In fact, both their lives were on the line. In 1962, renegade Vietnamese Air Force pilots bombed and strafed the presidential palace. Diem was not hurt. Madame Nhu fell through a bomb hole in her bedroom to the basement two floors below, suffering cuts and bruises.

Vietnamese officers were judged by their loyalty to Diem and Nhu, who kept their best troops close to Saigon, to the exasperation of the Americans. As Communist strength grew, the South’s internal stresses mounted. Diem sought compromise with dissidents, but he was undercut by the Nhus. In August 1963, thousands of Buddhists were arrested and interned. In Washington, Madame Nhu’s father declared that Diem’s government had done more damage than even the Communists and resigned as ambassador; her mother, South Vietnam’s observer at the United Nations, also quit. That fall, Madame Nhu went on an American speaking tour, criticizing Diem’s critics as soft on communism. She was in Los Angeles on Nov. 1 when news flashed that Diem and her husband had been shot to death in a coup. “The deaths were murders,” she told reporters, “either with the official or unofficial blessing of the American government.”

Refused permission to return to Vietnam, she and her children moved to Rome to be near her brother-in-law, Archbishop Ngo Dinh Thuc. In July 1966, in a vehemently anti-American interview with a French journalist, she expressed sympathy for the Vietnamese Communists and declared that America preaches “the liberty of the jungle.”

In 1967, her eldest daughter, Le Thuy, was killed in an automobile accident in France. In 1986, her parents were found strangled in their Washington home. Her brother, Khiem, was charged in the killings, motivated, according to the authorities, by the fact that he had been disinherited. In 1993, after seven years in a mental hospital, he was declared incompetent but harmless, and released.

As time passed, Madame Nhu declined to be interviewed, but in November 1986 she agreed to answer questions in an exchange of letters with The New York Times. In these statements she continued to blame the United States for the fall of South Vietnam and for her brother’s arrest. Asked to describe her daily life, she wrote, “Outer life such as writing and reading has never seemed interesting enough to be talked about, while inner life, more than a secret, is a mystery that cannot be so easily disclosed.”

Elisabetta Povoledo contributed reporting.

Last edited by xmod; April 27th, 2011 at 11:37 AM.
xmod no está en línea   Reply With Quote
Old April 29th, 2011, 06:25 AM   #52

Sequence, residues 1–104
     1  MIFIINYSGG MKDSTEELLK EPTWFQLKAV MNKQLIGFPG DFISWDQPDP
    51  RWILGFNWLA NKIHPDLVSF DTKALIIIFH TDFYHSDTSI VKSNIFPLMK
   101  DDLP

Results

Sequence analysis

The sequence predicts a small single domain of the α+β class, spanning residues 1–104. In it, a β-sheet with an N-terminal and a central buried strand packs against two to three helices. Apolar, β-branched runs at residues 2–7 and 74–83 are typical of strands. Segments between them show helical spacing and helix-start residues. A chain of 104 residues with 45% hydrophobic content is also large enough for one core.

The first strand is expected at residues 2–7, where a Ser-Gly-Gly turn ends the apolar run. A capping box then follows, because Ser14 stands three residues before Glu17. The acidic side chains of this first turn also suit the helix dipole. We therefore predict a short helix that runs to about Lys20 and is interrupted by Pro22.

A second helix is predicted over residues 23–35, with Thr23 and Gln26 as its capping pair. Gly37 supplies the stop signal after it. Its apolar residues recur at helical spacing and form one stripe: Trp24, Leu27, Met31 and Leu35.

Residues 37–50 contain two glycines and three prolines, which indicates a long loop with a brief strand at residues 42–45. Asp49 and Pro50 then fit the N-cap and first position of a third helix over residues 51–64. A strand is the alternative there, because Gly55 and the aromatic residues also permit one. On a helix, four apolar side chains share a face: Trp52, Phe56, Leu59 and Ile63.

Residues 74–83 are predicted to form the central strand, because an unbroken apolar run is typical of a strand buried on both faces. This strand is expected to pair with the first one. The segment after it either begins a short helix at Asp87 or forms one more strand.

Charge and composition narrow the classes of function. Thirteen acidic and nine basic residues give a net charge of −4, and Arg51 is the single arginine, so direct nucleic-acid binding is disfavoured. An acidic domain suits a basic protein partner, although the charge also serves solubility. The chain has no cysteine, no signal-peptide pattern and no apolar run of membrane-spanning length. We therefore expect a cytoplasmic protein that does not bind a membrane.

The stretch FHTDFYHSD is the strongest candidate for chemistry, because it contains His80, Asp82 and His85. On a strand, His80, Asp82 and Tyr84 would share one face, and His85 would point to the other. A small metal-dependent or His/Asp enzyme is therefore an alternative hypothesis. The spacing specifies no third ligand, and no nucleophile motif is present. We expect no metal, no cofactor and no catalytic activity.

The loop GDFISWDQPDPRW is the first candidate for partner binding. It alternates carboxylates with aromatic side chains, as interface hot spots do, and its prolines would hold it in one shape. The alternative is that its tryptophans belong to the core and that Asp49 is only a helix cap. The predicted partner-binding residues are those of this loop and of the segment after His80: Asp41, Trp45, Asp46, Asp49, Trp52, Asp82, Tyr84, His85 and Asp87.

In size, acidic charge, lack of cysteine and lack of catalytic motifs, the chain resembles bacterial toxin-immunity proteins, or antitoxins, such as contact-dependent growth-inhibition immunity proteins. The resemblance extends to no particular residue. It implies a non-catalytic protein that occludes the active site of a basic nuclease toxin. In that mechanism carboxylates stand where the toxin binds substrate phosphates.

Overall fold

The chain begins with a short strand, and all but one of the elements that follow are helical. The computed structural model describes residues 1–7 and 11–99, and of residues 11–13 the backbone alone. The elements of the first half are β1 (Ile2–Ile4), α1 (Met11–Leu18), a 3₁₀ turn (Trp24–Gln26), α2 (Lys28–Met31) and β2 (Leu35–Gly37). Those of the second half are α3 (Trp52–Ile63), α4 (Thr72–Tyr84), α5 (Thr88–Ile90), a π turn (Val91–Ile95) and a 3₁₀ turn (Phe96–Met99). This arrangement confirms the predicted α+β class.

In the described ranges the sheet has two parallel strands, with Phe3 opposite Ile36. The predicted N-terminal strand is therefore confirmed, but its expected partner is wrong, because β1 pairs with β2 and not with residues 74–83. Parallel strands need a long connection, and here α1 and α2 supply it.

vttnguyen
Registered User
 
vttnguyen's Avatar
 
Join Date: Nov 2008
Posts: 725
Likes (Received): 1

Vietnam arrests pastor of banned Mennonite church
Here we go again.

HANOI, Vietnam — Vietnamese authorities have arrested the pastor of an outlawed Mennonite church for allegedly sowing division between the government and citizens of this communist nation, state media reported Friday.

Nguyen Cong Chinh, 42, was taken into police custody in the central highland province of Gia Lai on Thursday, accused of undermining the government policy of unity, the Vietnam News said. He faces up to 15 years in jail if convicted.

The state-run newspaper said the charges stem from allegedly hostile comments Chinh posted on the Internet and interviews he gave to foreign media. It accused Chinh of disseminating distorted information and inciting people to protest.

Representatives for Chinh could not be reached for comment.

Vietnam's communist government has tight control over society and all churches must get government approval to operate.

http://xfinity.comcast.net/articles/...stor.Arrested/
vttnguyen no está en línea   Reply With Quote
Old April 29th, 2011, 09:00 AM   #53
Siddude
Registered User
 
Siddude's Avatar
 
Join Date: Jul 2006
Location: Venice, CA
Posts: 933
Likes (Received): 15

I've been reading articles about the new repression in China. The Chicom are getting nervous about what is happening in the Middle East. Imagine if big boss China being scared of their own people, what does that mean for little brother VC? LOL Yeah, I'm sure VC are pretty nervous these days. Imagine what will happen one day if VC regime evaporated, then what will all the corrupt sons and daughters of VC officials overseas do???? No more ATM, no more loot to steal, how can baby VC survive in the Western, capitalist world where a person has to actually work for living?? )) More countries are throwing off despotism and dictatorship and not the other way around. Not one God damn country turn communist since VC had their victory party on April 30th, 1975!! So all the dumb wars and blood bath were a giant misunderstanding? LOL Who is the retard of history now?



http://www.nytimes.com/2011/04/28/op...stof.html?_r=1

The reason? Surprising as it may seem, the government is worried that China could become the next Egypt or Tunisia, unless security forces act early and ruthlessly.

“Of course, they’re scared that the same thing might happen here,” one Chinese friend with family and professional ties to top leaders told me. A family member of another Chinese leader put it this way: “They’re just terrified. That’s why they’re cracking down.”
Siddude no está en línea   Reply With Quote
Old April 30th, 2011, 04:33 AM   #54
0918181818
what's the life
 
0918181818's Avatar
 
Join Date: Sep 2010
Location: my heaven
Posts: 3,643
Likes (Received): 10

Vietnam government is increasingly expressed their arbitrary................too bad